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Why Microsoft loves so many flavors?




A lot of people are either perplexed, amused or just totally annoyed with the dozens of flavors of several major Microsoft products. It could be some weird voodoo, a shrewd business strategy or a complicated marketing gimmick, nobody really knows except the guys over at Redmond.

Just look at Microsoft Office 2007 and all of its 8 versions – Basic, Home & Student, Standard, Small Business, Professional, Ultimate, Professional Plus, and Enterprise. The difference between each of these versions vary in the number of included core applications — Word, Excel, Powerpoint, Outlook, Accounting Express, Publisher, Access, InfoPath, Groove, OneNote and Communicator. These editions grew from 2 versions in Office 95 to eight for Office 2007. At this rate, we’re looking at 16 versions by 2019. *heh*

Then look at how Microsoft packaged their new OS, Windows Vista. A world record of six (6) editions – Starter, Home Basic, Home Premium, Business, Enterprise, Ultimate – each one priced accordingly from $199 to $399.

Why all these editions? Why can’t they just stick with one? Let me venture into some ideas:

  • Huge market share. Microsoft holds the largest market share of all commercial and free operating systems. Apple’s OS X is just 7.3% according to latest stats so they can comfortably settle with just one OS flavor. Microsoft still holds around 91% of the market. A market with varying degrees of users from home users to enterprise users, thus the need to segmentize the captured market.
  • Variable pricing. Having a huge market also means that the purchasing capacity of your consumers have a very wide gap. This allows Microsoft to charge double for corporate than for students, and Microsoft knows companies will still buy the more expensive versions.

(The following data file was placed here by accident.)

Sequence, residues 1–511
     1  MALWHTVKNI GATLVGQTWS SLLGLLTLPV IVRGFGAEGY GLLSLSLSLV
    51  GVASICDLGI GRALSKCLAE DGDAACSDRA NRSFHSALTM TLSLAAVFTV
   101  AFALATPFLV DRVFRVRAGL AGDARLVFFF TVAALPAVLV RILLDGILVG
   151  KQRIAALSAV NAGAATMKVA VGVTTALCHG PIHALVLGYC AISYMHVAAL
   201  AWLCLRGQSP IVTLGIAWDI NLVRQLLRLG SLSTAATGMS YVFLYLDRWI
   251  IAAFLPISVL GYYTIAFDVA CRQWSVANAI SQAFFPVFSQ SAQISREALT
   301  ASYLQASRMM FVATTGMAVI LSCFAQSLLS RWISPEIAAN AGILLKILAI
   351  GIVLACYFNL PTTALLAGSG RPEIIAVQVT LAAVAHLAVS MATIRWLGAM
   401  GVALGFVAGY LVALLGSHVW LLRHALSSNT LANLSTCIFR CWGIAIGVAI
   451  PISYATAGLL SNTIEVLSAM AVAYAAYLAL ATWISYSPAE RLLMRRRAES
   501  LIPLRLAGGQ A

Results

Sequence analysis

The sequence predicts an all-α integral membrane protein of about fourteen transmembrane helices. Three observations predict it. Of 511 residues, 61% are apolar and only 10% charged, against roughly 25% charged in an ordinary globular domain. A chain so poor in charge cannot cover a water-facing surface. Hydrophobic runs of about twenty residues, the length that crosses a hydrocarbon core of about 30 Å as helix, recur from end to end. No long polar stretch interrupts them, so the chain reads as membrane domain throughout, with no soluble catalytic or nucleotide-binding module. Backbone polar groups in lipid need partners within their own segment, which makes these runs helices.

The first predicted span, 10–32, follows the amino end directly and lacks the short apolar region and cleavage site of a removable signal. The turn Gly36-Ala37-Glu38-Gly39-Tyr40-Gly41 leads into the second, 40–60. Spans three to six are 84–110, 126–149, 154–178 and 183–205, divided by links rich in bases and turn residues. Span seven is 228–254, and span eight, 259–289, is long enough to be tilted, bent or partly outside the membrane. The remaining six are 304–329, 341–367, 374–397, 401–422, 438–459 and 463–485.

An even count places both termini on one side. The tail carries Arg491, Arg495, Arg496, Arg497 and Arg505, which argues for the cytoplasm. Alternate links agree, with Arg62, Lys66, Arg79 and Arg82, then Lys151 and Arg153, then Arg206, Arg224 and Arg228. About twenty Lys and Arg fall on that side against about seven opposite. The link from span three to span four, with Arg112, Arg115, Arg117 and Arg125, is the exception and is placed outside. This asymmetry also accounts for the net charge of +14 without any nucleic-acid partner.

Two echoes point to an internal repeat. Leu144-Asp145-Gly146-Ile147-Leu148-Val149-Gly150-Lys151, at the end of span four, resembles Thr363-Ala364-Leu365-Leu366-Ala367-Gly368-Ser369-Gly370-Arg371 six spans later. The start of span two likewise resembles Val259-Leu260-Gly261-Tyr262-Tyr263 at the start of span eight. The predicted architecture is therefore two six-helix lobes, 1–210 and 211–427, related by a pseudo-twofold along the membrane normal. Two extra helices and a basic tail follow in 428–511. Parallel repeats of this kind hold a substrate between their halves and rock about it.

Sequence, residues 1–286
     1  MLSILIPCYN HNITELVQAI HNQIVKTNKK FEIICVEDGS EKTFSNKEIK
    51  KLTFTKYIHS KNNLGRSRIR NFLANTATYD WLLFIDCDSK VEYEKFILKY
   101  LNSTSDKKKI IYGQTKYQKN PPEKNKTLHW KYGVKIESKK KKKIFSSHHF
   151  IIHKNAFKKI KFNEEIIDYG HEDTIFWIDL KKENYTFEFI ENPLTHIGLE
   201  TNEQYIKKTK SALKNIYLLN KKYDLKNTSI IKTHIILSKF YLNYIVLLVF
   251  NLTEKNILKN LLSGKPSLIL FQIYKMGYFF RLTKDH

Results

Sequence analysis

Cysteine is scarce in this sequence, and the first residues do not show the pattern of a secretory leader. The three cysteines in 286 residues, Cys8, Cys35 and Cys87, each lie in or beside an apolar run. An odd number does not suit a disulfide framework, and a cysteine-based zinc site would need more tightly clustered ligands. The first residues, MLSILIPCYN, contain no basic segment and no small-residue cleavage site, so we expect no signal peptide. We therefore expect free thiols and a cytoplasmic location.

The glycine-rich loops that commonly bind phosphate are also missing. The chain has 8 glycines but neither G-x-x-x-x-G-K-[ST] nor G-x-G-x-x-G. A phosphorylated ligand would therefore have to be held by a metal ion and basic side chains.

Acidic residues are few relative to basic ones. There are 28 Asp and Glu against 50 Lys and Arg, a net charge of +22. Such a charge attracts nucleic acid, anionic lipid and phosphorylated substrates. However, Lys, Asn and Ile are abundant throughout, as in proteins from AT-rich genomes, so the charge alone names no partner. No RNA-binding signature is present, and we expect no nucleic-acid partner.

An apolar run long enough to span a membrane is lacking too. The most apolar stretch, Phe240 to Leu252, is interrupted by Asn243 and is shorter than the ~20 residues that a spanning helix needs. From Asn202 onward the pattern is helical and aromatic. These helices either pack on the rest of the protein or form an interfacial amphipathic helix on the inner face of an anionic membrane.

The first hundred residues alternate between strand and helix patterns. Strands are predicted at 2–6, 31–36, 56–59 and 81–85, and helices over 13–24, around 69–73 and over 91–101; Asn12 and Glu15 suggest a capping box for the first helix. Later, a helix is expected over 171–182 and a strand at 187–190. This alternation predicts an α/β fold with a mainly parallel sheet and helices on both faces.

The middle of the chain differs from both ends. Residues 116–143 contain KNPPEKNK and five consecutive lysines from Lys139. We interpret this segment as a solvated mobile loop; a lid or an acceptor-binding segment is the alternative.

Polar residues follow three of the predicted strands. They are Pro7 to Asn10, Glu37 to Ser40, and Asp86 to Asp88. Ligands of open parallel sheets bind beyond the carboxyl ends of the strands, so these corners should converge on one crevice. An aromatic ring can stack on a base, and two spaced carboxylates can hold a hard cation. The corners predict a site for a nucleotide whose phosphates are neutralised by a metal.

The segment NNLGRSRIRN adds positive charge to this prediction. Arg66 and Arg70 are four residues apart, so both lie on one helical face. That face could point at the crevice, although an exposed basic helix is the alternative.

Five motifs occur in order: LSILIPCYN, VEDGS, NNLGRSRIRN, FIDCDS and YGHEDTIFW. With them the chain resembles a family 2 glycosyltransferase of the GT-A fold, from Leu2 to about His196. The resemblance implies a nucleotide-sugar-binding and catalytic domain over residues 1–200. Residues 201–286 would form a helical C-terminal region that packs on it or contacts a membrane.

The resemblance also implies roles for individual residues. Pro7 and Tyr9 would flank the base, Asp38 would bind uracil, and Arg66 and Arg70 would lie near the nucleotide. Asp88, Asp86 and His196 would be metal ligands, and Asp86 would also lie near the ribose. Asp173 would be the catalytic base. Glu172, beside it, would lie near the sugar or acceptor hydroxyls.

• Computing power. CPU speeds, memory and drive space are becoming bigger, faster and cheaper. Still, some segments of the market will have the low-end CPU and others the high-end. The various editions can easily adapt to those differences in computing power.
  • Productivity needs. This applies more with the Office suites. The variable pricing also means Microsoft can give more features, core applications to its Enterprise users compared to its home users.
  • Support levels. Charging the high-end users more allows Microsoft to allocate the extra income to provide enterprise-level support to its high-end users. Basically, the extra price of the more expensive editions already has support cost factored in.
  • Partnerships. Microsoft also has to put into consideration their huge list of industry partners — hardware manufacturers, software developers, and others.

I think Microsoft is sticking with its age-old proven formula – bundling. Why sell products or applications separately when you can bundle them and sell them all in one nice basket?



Abe is the founder and Editor-in-Chief of YugaTech. You Can follow him on Twitter @abeolandres.

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5 Responses

  1. Shannon says:

    Yeah yeah, but where is the innovations? none. same old technology. Look at the Microsoft Touch? they say that it is the new technology, but it was an old concept. they just put some hype on it. ms s**ks!

  2. Shannon says:

    Yeah yeah, but where is the innovations? none. same old technology. Look at the Microsoft Touch? they say that it is the new technology, but it was an old concept. they just put some hype on it. ms $u(ks!

  3. Shannon says:

    Yeah yeah, but where is the innovations? none. same old technology. Look at the Microsoft Touch? they say that it is the new technology, but it was an old concept. they just put some hype on it.

  4. Hmmn…… two words…..

    Marketing Strategy…..

    :D

  5. Jon Limjap says:

    Microsoft is not fond of innovation, simply because it has become completely risk averse.

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